WATCHING her sister’s struggle with multiple sclerosis (MS) compelled 42-year-old contemporary dancer Shona Erskine to choreograph her first independent full-length work, White Matter.
Assisted by a STRUT Seed Residency, Erskine said she wanted to bring awareness to the magnitude of the devastating disease.
White Matter aims to capture the lived rather than the named experience of MS, focusing on the relationship between two siblings.
“Having a loved one suffering from MS, it is of high priority for me to find ways to contribute to the dialogue on the disease,” she said.
“Her life is becoming progressively more challenging. Recent events in our lives have brought the devastation of the disease, and the complexity of human consciousness concerning life and death, to the fore.
“I want to make socially relevant performance work that explores the nexus between dance and psychology; works that delve into the complex play of human experience and interaction in social contexts.”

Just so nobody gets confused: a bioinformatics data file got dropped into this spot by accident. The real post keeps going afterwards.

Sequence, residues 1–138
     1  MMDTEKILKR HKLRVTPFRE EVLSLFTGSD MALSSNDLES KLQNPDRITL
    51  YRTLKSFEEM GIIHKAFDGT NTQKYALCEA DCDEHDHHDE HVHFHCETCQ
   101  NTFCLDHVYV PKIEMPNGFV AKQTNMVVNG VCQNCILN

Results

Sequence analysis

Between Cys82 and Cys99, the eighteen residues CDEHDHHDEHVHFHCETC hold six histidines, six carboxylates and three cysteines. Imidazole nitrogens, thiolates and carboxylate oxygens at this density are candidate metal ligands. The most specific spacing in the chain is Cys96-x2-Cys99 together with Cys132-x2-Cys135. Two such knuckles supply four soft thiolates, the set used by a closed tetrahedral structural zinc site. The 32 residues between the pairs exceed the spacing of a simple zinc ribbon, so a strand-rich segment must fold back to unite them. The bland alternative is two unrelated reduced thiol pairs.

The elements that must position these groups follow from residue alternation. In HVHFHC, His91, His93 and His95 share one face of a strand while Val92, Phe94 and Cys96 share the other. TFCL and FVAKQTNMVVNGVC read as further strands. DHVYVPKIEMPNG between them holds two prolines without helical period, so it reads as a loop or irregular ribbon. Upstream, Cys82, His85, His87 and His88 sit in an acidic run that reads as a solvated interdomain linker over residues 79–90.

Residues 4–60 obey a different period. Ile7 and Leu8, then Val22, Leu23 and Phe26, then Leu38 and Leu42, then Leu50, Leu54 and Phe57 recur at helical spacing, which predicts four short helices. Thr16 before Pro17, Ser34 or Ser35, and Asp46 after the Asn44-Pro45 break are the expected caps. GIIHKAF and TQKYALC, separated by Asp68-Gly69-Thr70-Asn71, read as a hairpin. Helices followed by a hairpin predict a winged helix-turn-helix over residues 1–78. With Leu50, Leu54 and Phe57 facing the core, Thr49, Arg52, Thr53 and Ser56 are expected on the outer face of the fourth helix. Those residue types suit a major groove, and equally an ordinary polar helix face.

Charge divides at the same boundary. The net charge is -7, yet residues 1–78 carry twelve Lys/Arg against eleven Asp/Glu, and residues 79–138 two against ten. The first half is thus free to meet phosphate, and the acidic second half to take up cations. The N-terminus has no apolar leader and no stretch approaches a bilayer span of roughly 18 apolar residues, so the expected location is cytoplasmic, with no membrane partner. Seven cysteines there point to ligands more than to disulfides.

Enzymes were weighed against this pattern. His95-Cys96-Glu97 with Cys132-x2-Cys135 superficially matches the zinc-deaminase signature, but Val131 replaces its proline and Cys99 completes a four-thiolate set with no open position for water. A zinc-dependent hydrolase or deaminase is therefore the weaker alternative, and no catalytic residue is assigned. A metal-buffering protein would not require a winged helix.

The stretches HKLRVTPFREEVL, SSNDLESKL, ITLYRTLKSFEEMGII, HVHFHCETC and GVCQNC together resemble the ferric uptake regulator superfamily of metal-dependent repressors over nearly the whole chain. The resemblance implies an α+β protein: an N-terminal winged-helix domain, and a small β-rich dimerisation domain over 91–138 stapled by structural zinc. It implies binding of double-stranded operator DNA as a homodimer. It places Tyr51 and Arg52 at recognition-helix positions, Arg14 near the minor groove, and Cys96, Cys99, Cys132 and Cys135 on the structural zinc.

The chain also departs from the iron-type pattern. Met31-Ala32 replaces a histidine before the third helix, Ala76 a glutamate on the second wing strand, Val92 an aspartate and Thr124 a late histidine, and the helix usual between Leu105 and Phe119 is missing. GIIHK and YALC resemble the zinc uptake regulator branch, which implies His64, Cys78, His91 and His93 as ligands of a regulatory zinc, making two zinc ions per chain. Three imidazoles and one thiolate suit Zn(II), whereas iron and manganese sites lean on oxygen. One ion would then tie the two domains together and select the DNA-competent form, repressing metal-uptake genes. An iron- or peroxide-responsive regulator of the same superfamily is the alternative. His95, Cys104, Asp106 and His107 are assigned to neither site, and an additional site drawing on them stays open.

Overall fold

Erskine said MS was the most widespread disabling neurological condition of young adults around the world and, although the areas of neuroscience and immunology were rapidly expanding, people living with the disease still did not have effective safe medicines and often lived without a clear prognosis.
There is also a large gender difference in MS prevalence and for this reason Erskine’s work will be performed by an all-male or all-female duo on alternating performances.
“I wanted to explore how men and women managed the content of the work in their own ways as a reflection of this (difference),” she said.
“As expected, the same duet is vastly different on the men to the women.
“Each duo handles the material with different levels of sensitivity, attention, energy and imagination.”
Erskine said she hoped audiences left with a more acute understanding of the emotional reality of living with a degenerative disease and the impact this had on family.
“And I want to bring people who do not necessarily have any strong theatre patronage, but a connection to MS, into the world of creative expression and performance.”
Dancers Scott Elstermann and Harrison Elliott in